Within classroom procedures, there are random odd jobs that could be done by any student. This could be passing out papers, whiteboards and markers, or any classroom supplies. There are several ways to pick volunteers to do these procedures. In my placement, my mentor teacher elicits a student as dictātor for the week. The dictātor chooses a classmate to complete a needed task or be a part of the story going on in class. Other ways include cards of fates, or a random name picker, which you can make using Flippity.

Item of the Day

The system I purpose is a bit more involved, as well as something I see working well in an elementary classroom. I refer to this system as Item of the Day (IoD). IoD is a rather complex system or can be made simple with the aid of technology, like most things. With IoD, you have an established lists of categories. These categories can cover clothes, traits or superlatives. The categories can be as detailed as you’d like or as broad. If you often need many volunteers, pick a broad item. If you need only one, pick a superlative.

How It Works

Above I have some of the items I’d use in my classroom. For clothes and technology, you’d pick one either from either category and then a color to narrow the feel a bit. Some of these superlatives can be established during class icebreakers during the first week, before implementing the IoD in the classroom. The questionable category is meant for high school students, or any students you think are mature enough to answer the questions it asked. I see using this category at the end of the year or with fourth year or fifth year AP Latin students who all know each other very well for the most part. Notice, I did not put dumbest or slowest as a trait. However, I kept the quietest, to help get that shy student out of their seat and involved.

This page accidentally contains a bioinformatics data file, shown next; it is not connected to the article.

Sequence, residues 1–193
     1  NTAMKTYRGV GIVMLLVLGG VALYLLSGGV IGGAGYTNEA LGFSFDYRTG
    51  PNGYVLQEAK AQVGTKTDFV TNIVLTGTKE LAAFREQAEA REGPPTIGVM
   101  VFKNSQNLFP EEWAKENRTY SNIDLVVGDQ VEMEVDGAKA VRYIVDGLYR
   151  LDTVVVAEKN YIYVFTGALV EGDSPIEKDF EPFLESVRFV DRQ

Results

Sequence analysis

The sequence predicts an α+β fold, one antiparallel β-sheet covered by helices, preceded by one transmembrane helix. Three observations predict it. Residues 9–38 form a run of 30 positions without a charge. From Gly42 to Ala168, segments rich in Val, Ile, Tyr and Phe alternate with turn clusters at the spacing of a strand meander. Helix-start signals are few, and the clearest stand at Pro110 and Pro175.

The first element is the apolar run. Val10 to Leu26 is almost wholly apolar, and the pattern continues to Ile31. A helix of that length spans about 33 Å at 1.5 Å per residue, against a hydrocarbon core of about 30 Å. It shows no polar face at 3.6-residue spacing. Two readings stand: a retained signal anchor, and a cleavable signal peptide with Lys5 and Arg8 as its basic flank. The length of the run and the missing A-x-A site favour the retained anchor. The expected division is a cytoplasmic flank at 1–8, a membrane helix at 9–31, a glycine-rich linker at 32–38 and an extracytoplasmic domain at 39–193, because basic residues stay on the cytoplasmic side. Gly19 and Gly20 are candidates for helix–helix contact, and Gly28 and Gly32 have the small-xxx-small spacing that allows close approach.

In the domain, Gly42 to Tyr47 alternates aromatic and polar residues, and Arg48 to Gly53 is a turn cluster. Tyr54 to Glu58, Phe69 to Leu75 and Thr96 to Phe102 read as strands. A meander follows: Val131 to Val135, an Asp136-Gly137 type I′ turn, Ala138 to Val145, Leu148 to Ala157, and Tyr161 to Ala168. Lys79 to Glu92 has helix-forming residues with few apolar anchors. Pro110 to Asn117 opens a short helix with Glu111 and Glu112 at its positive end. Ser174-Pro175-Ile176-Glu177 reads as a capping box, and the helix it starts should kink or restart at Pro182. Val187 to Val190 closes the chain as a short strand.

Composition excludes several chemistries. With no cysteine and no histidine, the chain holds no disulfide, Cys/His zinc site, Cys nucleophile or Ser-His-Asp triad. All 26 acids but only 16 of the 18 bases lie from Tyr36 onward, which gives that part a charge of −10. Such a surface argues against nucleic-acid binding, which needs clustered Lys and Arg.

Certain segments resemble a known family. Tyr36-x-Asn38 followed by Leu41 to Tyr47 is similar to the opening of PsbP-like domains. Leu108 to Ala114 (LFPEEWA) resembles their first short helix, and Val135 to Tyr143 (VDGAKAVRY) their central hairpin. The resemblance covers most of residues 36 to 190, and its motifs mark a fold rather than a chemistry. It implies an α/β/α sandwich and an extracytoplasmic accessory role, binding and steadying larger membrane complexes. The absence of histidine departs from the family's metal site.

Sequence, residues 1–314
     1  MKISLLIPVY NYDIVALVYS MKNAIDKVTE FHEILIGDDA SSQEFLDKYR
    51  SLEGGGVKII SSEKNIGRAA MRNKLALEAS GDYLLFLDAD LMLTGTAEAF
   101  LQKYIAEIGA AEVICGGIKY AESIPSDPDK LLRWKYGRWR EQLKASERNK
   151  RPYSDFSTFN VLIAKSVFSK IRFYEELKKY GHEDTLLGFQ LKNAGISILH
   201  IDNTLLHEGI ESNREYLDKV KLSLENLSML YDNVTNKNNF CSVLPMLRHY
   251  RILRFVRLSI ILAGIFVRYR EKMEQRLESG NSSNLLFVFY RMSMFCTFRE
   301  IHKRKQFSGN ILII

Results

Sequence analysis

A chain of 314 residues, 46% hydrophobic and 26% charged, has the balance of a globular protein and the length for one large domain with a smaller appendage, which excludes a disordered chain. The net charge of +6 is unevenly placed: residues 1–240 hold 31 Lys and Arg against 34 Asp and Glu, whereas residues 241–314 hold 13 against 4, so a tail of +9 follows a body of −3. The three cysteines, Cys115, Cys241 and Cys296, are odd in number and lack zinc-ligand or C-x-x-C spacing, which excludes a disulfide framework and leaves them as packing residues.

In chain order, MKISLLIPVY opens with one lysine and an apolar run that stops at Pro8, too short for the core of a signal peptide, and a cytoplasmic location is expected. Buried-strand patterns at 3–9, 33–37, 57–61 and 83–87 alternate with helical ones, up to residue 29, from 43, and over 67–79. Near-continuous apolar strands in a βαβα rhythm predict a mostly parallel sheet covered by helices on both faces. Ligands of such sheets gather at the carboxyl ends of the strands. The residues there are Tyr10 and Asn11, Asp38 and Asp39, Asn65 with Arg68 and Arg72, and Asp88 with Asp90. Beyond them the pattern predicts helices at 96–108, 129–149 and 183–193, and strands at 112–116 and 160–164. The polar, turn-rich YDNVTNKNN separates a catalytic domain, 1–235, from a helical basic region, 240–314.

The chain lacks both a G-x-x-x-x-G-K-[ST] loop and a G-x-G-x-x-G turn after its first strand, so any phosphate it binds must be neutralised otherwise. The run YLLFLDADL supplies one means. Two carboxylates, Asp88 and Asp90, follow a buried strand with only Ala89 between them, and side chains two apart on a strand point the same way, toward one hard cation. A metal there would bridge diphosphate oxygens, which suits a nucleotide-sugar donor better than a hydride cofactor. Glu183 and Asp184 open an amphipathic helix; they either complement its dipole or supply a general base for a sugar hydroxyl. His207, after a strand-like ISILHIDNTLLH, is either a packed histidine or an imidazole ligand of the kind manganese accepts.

Multiple qualified volunteers

When you have multiple students in the classroom the fit the IoD, then have a system in place for the order the volunteers occur. This system could be the students go alphabetically or by age, or rock, paper, scissors if there are only two qualified volunteers. Once you get to know your students and what they wear, you can alter categories as necessary. For example, if you only have one student you often see where a dress, you can move the dress item over the pool for single volunteers.

Using it in the Classroom

Earlier I stated this process can be rather involved. In my vision, I see having a square for each color and a picture for each piece of clothing (I’d also have each color and clothing labeled appropriately in Latin) to be posted at the front of the classroom every day it is needed.

Another way I see this happening is popsicle sticks or a randomizing wheel that could be physical or digitally made through Flippity. This could be something you make a big deal of with your students or a weird process of choosing that only you know about and see if students can figure out how you decide on volunteers.

This strategy is only a theory and is opened for suggestions. If you use a similar strategy, please share your experience and advice.

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